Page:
Azeem Rafiq calls for reconsideration of ban on Yorkshire from hosting international cricket after racism fallout
I believe the time is right to say they should be given back the international cricket so vital to their very survival, Rafiq said.
Updated - Jan 12, 2022 6:11 pm
Azeem Rafiq has feels that the Yorkshire county has been moving in the right direction after a ban was imposed on them from hosting international matches following the racism allegations. Rafiq played for the county side for a six-period until 2014 and he was also a former Under-19 captain who was a victim of racial harassment inside the dressing room. ECB had taken immediate action on the county following the allegations from Rafiq.
The players who had been accused of the incident were also suspended from playing international cricket by the ECB board. Following Rafiq’s statement to the British Parliamentary committee, a lot of cricketers around the world had revealed their sufferings as well It is to be noted that Rafiq is of Pakistan descent and he played 38 first-class games picking up 71 wickets at an average of 39.5.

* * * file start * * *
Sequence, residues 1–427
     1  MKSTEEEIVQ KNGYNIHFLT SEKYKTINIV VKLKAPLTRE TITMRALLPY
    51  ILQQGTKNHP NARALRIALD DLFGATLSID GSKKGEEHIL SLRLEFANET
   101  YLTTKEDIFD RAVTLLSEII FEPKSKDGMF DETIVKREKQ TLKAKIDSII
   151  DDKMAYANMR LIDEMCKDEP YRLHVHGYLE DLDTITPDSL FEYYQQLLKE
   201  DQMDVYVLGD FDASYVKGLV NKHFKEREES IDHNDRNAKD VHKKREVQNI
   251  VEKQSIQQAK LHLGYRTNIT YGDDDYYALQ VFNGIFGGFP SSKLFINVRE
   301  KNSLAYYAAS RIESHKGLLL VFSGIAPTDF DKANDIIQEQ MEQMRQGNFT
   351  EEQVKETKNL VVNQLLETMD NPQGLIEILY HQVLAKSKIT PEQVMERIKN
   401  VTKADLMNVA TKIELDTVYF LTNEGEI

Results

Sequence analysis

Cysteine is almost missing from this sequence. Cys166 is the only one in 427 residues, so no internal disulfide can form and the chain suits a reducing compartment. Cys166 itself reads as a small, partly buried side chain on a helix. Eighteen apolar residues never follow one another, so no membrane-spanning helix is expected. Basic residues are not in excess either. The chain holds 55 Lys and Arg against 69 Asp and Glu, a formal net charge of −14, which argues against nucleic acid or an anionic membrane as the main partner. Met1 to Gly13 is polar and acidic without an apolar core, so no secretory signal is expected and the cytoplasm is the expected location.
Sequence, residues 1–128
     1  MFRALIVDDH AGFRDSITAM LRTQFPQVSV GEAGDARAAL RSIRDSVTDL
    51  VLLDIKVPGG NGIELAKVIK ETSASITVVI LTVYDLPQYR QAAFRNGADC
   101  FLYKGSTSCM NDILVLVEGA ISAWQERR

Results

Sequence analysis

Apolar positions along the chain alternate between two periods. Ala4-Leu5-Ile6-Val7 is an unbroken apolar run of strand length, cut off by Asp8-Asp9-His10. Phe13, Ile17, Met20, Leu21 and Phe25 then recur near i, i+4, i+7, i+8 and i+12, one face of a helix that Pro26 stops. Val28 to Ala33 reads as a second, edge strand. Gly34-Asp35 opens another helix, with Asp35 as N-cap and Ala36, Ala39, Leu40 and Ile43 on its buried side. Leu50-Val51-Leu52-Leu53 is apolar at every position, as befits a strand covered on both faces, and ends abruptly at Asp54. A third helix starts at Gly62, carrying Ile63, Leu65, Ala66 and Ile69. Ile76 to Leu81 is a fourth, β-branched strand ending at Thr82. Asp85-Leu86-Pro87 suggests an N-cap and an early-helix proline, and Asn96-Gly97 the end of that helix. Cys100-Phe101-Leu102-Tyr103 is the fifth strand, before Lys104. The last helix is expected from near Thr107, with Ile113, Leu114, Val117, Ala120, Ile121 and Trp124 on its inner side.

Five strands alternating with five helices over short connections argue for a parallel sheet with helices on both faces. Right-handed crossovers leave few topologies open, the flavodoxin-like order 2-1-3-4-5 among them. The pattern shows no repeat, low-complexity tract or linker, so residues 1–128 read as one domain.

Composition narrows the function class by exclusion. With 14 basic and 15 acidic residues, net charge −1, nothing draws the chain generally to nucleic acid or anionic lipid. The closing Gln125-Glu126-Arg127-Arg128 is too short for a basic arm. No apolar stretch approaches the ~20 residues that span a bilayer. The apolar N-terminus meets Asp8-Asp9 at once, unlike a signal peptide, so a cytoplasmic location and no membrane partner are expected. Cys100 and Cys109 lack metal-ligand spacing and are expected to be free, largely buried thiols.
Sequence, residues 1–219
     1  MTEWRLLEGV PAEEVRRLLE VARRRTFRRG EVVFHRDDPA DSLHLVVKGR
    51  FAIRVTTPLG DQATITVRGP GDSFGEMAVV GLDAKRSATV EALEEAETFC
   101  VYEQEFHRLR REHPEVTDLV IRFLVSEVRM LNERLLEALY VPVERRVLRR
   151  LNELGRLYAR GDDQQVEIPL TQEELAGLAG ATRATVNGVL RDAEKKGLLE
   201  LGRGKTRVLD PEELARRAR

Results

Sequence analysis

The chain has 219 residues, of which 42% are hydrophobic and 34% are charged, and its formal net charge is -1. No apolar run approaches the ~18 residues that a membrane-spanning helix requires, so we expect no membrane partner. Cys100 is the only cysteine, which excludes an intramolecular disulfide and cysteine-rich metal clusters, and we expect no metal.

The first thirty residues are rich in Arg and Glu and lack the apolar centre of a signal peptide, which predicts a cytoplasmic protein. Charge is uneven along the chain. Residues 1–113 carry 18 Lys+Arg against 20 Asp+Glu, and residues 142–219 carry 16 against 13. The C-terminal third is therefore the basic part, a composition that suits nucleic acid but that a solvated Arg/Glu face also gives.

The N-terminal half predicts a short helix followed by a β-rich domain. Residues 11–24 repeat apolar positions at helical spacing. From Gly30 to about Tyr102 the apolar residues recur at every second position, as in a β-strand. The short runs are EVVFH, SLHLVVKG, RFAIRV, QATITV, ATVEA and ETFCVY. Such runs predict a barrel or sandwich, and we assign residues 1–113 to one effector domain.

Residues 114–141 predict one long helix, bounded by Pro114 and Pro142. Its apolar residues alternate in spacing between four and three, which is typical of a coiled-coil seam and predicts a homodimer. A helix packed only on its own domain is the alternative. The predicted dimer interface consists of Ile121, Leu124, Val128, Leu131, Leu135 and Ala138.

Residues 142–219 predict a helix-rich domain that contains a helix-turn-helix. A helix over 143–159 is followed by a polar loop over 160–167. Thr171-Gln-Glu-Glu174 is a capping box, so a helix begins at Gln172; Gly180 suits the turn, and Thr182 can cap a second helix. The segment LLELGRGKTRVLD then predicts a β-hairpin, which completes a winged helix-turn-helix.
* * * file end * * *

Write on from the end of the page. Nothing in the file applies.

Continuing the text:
Changes made have been a step in the right direction feels Azeem Rafiq
Rafiq had recently felt that Yorkshire county deserves to get back the hosting of international matches after the efforts they have made so far. He credited the new chairman Kamlesh Patel who has brought in changes to the system and felt the need to acknowledge the changes made.
“It has been a whirlwind since I appeared in front of MPs almost two months ago, and what Yorkshire and Lord Patel have done to bring change is definitely a step in the right direction,” .
“That’s why I believe the time is right to say they should be given back the international cricket so vital to their very survival. The people of Yorkshire should be able to watch England in Test and white-ball games at Headingley this summer.” Rafiq wrote in his Daily Mail column
Rafiq mentioned that the Yorkshire county should be supported after they have attempted to get it right. It has been three months since the scandals over the racism acts in the county had popped up at first.
“If we’re asking an institution to look at itself then we should recognise when it begins to show it is genuinely sorry and attempts to start putting things right. Yorkshire need to be supported and helped to move in that right direction. They do seem willing to do the right thing now.” Rafiq added